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I need to improve my chemistry grades; I want to do medicine

I’m in year 12 and I want to do medicine.
I’m currently getting D’s and E’s in chemistry, despite getting a 9 at GCSE.
I really, really need to improve my grades in order to get at least a predicted A in chemistry.”, any tips on how I could do this??
I am studying AQA chemistry
Please help!!!!
(edited 3 months ago)
Hey there, thanks for posting a question in the Medicine forum. :biggrin:

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GCSE Requirements for Medicine
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Original post by Swa235
I’m in year 12 and I want to do medicine.
I’m currently getting D’s and E’s in chemistry, despite getting a 9 at GCSE.
I really, really need to improve my grades in order to get at least a predicted A in chemistry.”, any tips on how I could do this??
I am studying AQA chemistry
Please help!!!!
Hi @Swa235,

A simple yet overlooked tip I have for you is to refer back to your specification points, it specifically states everything you need to know. If it's not written there then you don't need to know it. You can use your specification as a checklist, this allows you to keep track of the topics you have covered. The spec points also include definitions learn and formulas that you need to know. Definitely memorise these definitions as they are easy marks.

Another tip is to not neglect your maths and practical skills, as there is literally an entire section dedicated to these two areas. Ensure you are comfortable using the formulas listed in the spec points. Once you become familiar with the maths, they often become quite repetitive and easy to do- lots of practice questions will secure you those marks in the exam. In terms of practicals, it's important to pay attention to the details- how equipment is set up, which chemicals are used and at which order etc... You might also be expected to draw diagrams of the experiment.

Lastly, I think reading the examiner's report would be very helpful. Oftentimes explanations are provided beside each question so it can be more helpful than the mark scheme, which just gives you the answer. You can read them to see what common mistakes are often made and how you can avoid them.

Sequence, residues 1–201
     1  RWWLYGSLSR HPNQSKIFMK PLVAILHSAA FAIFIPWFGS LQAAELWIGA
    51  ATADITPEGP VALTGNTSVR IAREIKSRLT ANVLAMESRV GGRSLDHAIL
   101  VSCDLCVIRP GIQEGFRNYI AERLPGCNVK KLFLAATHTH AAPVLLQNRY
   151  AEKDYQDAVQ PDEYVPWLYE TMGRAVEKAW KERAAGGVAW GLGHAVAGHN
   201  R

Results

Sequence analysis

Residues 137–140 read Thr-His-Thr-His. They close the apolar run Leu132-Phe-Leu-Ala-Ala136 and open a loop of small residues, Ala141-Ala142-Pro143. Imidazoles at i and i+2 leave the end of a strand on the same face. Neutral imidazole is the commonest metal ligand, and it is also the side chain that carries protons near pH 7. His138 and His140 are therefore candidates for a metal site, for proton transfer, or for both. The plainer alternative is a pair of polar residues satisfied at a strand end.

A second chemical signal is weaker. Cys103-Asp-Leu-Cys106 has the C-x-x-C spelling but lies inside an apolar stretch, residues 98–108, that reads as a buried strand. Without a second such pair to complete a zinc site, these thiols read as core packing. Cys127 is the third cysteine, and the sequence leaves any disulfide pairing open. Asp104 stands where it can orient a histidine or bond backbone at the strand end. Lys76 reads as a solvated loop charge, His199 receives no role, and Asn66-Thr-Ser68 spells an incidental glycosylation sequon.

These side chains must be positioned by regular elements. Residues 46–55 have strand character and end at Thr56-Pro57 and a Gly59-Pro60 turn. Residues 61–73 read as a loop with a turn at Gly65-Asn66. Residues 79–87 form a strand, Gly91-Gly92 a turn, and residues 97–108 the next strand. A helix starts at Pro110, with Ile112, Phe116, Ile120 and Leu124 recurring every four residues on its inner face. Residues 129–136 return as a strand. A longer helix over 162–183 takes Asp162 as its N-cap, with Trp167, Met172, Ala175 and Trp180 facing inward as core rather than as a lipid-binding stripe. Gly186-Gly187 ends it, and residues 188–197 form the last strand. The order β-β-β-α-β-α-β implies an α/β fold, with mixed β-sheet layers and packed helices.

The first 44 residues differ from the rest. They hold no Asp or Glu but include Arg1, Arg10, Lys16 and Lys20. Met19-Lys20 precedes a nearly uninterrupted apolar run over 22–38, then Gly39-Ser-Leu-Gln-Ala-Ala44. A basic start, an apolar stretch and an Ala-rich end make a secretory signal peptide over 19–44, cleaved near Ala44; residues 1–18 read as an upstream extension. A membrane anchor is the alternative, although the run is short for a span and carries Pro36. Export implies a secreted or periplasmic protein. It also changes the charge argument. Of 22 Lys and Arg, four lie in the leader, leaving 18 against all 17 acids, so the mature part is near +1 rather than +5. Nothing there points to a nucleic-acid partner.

Hope this helps,
Danish
BCU Student Rep
Reply 3
Original post by BCU Student Rep
Hi @Swa235,
A simple yet overlooked tip I have for you is to refer back to your specification points, it specifically states everything you need to know. If it's not written there then you don't need to know it. You can use your specification as a checklist, this allows you to keep track of the topics you have covered. The spec points also include definitions learn and formulas that you need to know. Definitely memorise these definitions as they are easy marks.
Another tip is to not neglect your maths and practical skills, as there is literally an entire section dedicated to these two areas. Ensure you are comfortable using the formulas listed in the spec points. Once you become familiar with the maths, they often become quite repetitive and easy to do- lots of practice questions will secure you those marks in the exam. In terms of practicals, it's important to pay attention to the details- how equipment is set up, which chemicals are used and at which order etc... You might also be expected to draw diagrams of the experiment.
Lastly, I think reading the examiner's report would be very helpful. Oftentimes explanations are provided beside each question so it can be more helpful than the mark scheme, which just gives you the answer. You can read them to see what common mistakes are often made and how you can avoid them.
Hope this helps,
Danish
BCU Student Rep
Ok thank you so much, the specification tip was a really useful one, I’ve never heard of it before; gonna try it out today!!

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